Authored By: Amy McKee, VP Regulatory Consulting, Parexel
Clinical trials in oncology historically have enrolled approximately 5% of cancer patients in the United States1. Many barriers to clinical trial participation have been identified, including patient-related barriers such as geography, providers who do not query whether a patient is interested in a clinical trial, fear of side effects, costs to patient, and eligibility criteria. Restrictive eligibility criteria can limit accrual to trials and prolong enrollment periods.
In March 2019, the FDA published four draft guidances and one final guidance that address specific eligibility criteria in cancer clinical trials that can be modernized based on current understanding of comorbidities and past medical history as well as age of patients2 3 4 5 6. These guidances include:
- Cancer Clinical Trial Eligibility Criteria: Patients with HIV, Hepatitis B Virus, or Hepatitis C Virus Infections (draft)
- Cancer Clinical Trial Eligibility Criteria: Patients with Organ Dysfunction or Prior or Concurrent Malignancies (draft)
- Cancer Clinical Trial Eligibility Criteria: Brain Metastases (draft)
- Cancer Clinical Trial Eligibility Criteria: Minimum Age for Pediatric Patients (draft)
- Considerations for the Inclusion of Adolescent Patients in Adult Oncology Clinical Trials (final)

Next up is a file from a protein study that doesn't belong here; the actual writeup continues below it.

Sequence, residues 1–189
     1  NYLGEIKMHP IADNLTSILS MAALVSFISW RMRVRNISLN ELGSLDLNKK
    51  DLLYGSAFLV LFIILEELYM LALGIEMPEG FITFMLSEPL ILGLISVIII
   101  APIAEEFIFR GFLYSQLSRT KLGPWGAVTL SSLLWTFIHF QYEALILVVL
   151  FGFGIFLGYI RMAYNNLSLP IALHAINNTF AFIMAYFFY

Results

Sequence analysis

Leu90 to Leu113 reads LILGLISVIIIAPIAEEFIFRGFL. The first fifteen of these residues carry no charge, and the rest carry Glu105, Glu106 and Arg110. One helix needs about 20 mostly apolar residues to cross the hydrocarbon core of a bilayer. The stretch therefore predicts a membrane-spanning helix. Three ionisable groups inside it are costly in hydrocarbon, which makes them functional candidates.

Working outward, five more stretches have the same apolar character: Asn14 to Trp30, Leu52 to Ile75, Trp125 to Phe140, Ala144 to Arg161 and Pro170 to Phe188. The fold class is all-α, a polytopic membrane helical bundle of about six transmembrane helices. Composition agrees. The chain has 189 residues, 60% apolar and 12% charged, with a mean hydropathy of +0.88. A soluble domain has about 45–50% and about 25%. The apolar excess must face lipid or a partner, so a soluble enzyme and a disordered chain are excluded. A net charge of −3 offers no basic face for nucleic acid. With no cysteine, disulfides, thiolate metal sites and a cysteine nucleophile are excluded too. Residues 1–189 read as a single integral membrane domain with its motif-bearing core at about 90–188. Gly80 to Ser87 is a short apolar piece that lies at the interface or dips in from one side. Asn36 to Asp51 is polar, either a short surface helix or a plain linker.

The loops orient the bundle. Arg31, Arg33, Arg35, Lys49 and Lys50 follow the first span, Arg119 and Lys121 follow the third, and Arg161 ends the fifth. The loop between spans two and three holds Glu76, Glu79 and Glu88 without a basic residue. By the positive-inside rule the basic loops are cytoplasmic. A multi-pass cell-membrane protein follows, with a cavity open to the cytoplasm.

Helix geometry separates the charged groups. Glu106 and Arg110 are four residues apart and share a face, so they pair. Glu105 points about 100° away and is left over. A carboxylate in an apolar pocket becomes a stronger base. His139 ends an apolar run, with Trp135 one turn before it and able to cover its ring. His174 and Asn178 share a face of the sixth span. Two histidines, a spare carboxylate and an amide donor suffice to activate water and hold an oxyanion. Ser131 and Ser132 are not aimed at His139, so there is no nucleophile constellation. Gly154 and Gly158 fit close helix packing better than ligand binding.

Expanding the eligibility criteria for cancer clinical trials may maximize the generalizability of trial results across the patient population in whom the drug is likely to be used upon marketing approval. Some eligibility criteria have become commonly accepted over time without reconsidering the scientific or clinical rationale for such criteria. For example, human immunodeficiency virus (HIV), hepatitis B virus (HBV), and hepatitis C virus (HCV) infections can be managed chronically or cured with current antiviral treatments; thus, inclusion of these patients in clinical trials should be reconsidered in light of the current life expectancies of these patients.
The guidances contain key recommendations for specific comorbidities or conditions and related inclusion or exclusion criteria, including:
Renal, cardiac and hepatic function recommendations;
Recommendations for patients with brain metastases that are active or treated/stable and for patients with leptomeningeal disease;
Inclusion of children and adolescents in clinical trials based on factors such as biologic rationale, preclinical data, predictive biomarkers and evidence from completed clinical studies;
Patients with HIV, HBV or HCV;
and recommendations for inclusion of patients with prior or concurrent malignancies.
In summary, these guidances provide clear direction from FDA on specific inclusion and exclusion criteria for cancer clinical trials based upon current scientific knowledge and clinical practice. Parexel's subject matter experts, who include former regulators, industry professionals, and physicians, have a broad and deep internal expertise in all phases of oncology drug development as well as Regulatory Affairs experience. Parexel can help you every step of the way throughout your oncology product’s lifecycle.
1 Murthy VH, Krumholz HM, Gross CP. Participation in cancer clinical trials: race-, sex-, and age-based disparities. JAMA. 2004 Jun 9;291(22):2720–6.